Teaching and writing

Stephen had meanwhile become known as a writer by a series of articles in the Edinburgh Review, the first of which (on William Wilberforce) appeared in April 1838. They were written in the intervals of his official work, generally in the early morning. He carefully disavowed any pretence to profound research. The articles had, however, shown considerable historical knowledge as well as literary power. He had partly recovered strength, and was anxious for employment.[1]

In June 1849 Stephen was appointed Regius Professor of Modern History at the University of Cambridge, a chair vacant by the death of William Smyth.[3] He delivered a course of lectures on the history of France during the summers of 1850 and 1851, which were published in 1852, and praised by De Tocqueville. Another severe illness in the summer of 1850 had forced him to spend a winter abroad. From 1855 to 1857 he held a professorship at the East India Company College, Haileybury, which had been sentenced to extinction. He continued to lecture at Cambridge, but the history school then had little prestige. Keynes asserts in his biography of Malthus that Sir James Stephen was "the last holder" of Malthus's chair at Haileybury, which Malthus had held for thirty years until his death in 1834. Leslie Stephen "used to think nothing" of walking from Cambridge to visit his father at Haileybury.[1]

Retirement and death

Monument, Kensal Green Cemetery
Monument detail, Kensal Green Cemetery

Stephen passed the last years of his life mainly in London. In 1859 his health showed serious symptoms, and he was ordered to Bad Homburg, Prussia. Becoming worse, he started homewards, but died at Koblenz, Prussia on 14 September 1859. He was buried at Kensal Green Cemetery, London.[4] His widow died in 1875. They had five children:[1]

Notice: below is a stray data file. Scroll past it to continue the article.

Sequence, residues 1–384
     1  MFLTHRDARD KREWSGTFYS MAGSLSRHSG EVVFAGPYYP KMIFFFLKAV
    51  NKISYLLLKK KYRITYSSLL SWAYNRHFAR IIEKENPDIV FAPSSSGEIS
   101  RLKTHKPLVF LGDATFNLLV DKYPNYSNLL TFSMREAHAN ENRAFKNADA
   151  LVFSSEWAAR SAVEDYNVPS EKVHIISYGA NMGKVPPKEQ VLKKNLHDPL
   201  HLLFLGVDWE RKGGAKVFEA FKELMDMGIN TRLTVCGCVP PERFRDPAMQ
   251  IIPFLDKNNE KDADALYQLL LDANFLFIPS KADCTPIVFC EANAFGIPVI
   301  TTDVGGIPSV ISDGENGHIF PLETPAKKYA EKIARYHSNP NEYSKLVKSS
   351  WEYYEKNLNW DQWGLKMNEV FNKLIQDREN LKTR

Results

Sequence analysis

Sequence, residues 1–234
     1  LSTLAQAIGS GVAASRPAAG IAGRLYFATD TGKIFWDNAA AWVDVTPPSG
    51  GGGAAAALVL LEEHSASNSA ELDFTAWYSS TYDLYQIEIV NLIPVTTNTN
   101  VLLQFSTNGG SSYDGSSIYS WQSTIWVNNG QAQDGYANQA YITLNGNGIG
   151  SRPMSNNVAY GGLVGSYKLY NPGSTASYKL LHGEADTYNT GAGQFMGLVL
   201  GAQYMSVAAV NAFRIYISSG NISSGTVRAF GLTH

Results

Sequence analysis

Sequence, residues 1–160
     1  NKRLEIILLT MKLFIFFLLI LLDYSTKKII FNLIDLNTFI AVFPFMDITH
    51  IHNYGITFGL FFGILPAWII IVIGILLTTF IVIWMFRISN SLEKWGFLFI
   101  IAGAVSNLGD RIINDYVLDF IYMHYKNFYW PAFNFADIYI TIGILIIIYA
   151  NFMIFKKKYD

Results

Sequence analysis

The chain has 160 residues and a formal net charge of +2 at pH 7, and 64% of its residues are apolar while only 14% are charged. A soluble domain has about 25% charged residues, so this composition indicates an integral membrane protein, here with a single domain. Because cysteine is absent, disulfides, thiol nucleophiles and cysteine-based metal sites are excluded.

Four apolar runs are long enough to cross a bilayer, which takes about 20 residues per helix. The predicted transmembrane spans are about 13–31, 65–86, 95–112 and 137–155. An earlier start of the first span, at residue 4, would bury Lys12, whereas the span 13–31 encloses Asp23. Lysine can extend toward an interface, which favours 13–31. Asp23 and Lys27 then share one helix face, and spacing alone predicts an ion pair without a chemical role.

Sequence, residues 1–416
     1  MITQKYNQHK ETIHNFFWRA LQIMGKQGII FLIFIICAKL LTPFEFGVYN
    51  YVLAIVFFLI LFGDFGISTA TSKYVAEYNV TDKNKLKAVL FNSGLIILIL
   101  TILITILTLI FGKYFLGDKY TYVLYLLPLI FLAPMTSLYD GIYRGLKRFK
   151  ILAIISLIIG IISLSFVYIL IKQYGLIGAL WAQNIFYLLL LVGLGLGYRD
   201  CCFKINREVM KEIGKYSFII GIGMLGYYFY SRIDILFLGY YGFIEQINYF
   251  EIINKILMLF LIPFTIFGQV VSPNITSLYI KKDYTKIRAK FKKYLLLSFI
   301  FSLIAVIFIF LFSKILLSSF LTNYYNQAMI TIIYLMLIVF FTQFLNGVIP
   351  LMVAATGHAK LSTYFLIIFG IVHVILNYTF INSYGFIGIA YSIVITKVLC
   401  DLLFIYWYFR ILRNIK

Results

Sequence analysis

There is a bust of him, by Marochetti, in the National Portrait Gallery, London.[1]


  • Essays in Ecclesiastical Biography, 1849; 5th edit. 1867 (with life, by his son, J. F. Stephen).
  • Lectures on the History of France, 1852


  1. ^ a b c d e f g h i j  This article incorporates text from a publication now in the public domainStephen, Leslie (1898). "Stephen, James (1789-1859)". In Lee, Sidney (ed.). Dictionary of National Biography. Vol. 54. London: Smith, Elder & Co.
  2. ^ "Stephen, James (STFN806J)". A Cambridge Alumni Database. University of Cambridge.
  3. ^ "No. 21003". The London Gazette. 27 July 1849. p. 2351.
  4. ^ Paths of Glory. Friends of Kensal Green Cemetery. 1997. p. 94.
  5. ^ Margaret M. Jensen, 'Stephen, Caroline Emelia (1834–1909)', Oxford Dictionary of National Biography, Oxford University Press, 2004; online edn, May 2014 accessed 9 Dec 2015

 This article incorporates text from a publication now in the public domainStephen, Leslie (1898). "Stephen, James (1789-1859)". In Lee, Sidney (ed.). Dictionary of National Biography. Vol. 54. London: Smith, Elder & Co.

Further reading

  • McCulloch, Samuel Clyde. "James Stephen and the Problems of New South Wales, 1838-1846" Pacific Historical Review 26#4 (1957), pp. 353–364 online
  • Shaw, Alan GL. "James Stephen and colonial policy: The Australian experience." Journal of Imperial and Commonwealth History 20.1 (1992): 11-34.
  • McBride, Keally. Mr. Mothercountry: The Man Who Made the Rule of Law. Oxford University Press, 2016.
  • Egerton, J. E. "Stephen, Sir James (1789–1859)". Australian Dictionary of Biography. Vol. 2. National Centre of Biography, Australian National University. ISSN 1833-7538. Retrieved 6 March 2019.
Government offices Preceded bySir Robert Hay Permanent Under-Secretary of State for the Colonies 1836–1847 Succeeded byHerman Merivale
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James Stephen (civil servant)